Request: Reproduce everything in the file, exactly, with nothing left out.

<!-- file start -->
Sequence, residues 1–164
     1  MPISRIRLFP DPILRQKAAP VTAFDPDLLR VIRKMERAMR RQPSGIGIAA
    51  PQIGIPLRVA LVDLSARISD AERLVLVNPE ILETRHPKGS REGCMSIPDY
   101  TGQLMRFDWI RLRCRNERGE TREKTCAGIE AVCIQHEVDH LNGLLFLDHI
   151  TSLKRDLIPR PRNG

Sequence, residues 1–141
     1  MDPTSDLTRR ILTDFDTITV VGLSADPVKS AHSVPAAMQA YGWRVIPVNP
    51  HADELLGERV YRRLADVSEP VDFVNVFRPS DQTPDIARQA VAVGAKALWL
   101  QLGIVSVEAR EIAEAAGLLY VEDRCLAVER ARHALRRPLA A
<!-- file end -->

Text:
Sequence, residues 1–164
     1  MPISRIRLFP DPILRQKAAP VTAFDPDLLR VIRKMERAMR RQPSGIGIAA
    51  PQIGIPLRVA LVDLSARISD AERLVLVNPE ILETRHPKGS REGCMSIPDY
   101  TGQLMRFDWI RLRCRNERGE TREKTCAGIE AVCIQHEVDH LNGLLFLDHI
   151  TSLKRDLIPR PRNG

Sequence, residues 1–141
     1  MDPTSDLTRR ILTDFDTITV VGLSADPVKS AHSVPAAMQA YGWRVIPVNP
    51  HADELLGERV YRRLADVSEP VDFVNVFRPS DQTPDIARQA VAVGAKALWL
   101  QLGIVSVEAR EIAEAAGLLY VEDRCLAVER ARHALRRPLA A